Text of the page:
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Men's Health (cont.)


Men's sexual health begins at birth. In the U.S. and other countries, one of the first decisions made by the parents of a male infant is to consider circumcision (surgical removal of the foreskin that covers the penis). Although there is no absolute medical reason for this operation according to major medical groups (American Academy of Pediatrics and the American College of Obstetricians and Gynecologists), it is a common procedure done in the U.S. (about 75% of all U.S. males are circumcised).

Why is circumcision ever done? Besides being done for religious reasons, it is widely believed that circumcision promotes better hygiene in males and reduces the incidence or chance for several types of infection and penile problems to develop in males, both young and older(adults) that retain their foreskin. Although the inability to retract the foreskin fully at birth is not a medical reason for a circumcision, circumcision can prevent:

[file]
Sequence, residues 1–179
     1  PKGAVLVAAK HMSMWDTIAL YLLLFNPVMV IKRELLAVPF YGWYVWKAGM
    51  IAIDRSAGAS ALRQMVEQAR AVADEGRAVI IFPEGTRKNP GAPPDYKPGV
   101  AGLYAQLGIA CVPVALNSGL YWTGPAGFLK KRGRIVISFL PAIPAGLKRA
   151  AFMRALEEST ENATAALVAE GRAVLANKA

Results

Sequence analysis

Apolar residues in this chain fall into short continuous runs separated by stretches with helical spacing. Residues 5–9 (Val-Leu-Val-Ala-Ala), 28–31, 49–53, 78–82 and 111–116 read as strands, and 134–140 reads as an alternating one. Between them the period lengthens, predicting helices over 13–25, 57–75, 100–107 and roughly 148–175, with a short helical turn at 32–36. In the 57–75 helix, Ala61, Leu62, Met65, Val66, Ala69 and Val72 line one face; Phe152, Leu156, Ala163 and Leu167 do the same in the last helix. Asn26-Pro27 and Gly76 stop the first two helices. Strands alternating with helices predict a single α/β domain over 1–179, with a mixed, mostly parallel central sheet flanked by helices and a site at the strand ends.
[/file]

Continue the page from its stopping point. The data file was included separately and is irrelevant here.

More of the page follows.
• phimosis (the inability to retract the foreskin at an age when it should normally be retractable),
  • paraphimosis (the painful inability to return the foreskin to its original location), and
  • balanoposthitis (inflammation of the glans and foreskin).

Studies indicate young circumcised males may have a 10 fold decrease in the number of urinary tract infections as compared to uncircumcised males. In addition, other studies indicate that circumcised males have a lower risk for:

Although circumcision may increase the chance of meatitis (inflammation of the opening of the penis), the risks of the procedure are small if done on healthy newborns before the age of two months. Ultimately circumcision remains a personal, family decision.

Medically Reviewed by a Doctor on 6/23/2015

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